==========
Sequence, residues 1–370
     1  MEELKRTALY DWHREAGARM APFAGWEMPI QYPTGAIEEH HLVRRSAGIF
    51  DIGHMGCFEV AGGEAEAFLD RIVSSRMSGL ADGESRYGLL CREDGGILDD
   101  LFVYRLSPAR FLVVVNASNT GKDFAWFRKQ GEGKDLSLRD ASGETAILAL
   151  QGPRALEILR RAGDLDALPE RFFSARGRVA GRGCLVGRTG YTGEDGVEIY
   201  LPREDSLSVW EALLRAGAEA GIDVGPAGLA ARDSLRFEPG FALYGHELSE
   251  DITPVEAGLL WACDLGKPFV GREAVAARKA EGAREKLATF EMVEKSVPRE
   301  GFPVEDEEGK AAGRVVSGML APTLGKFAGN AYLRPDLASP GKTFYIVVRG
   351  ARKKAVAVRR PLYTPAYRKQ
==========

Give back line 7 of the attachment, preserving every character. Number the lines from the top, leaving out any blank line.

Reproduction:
   251  DITPVEAGLL WACDLGKPFV GREAVAARKA EGAREKLATF EMVEKSVPRE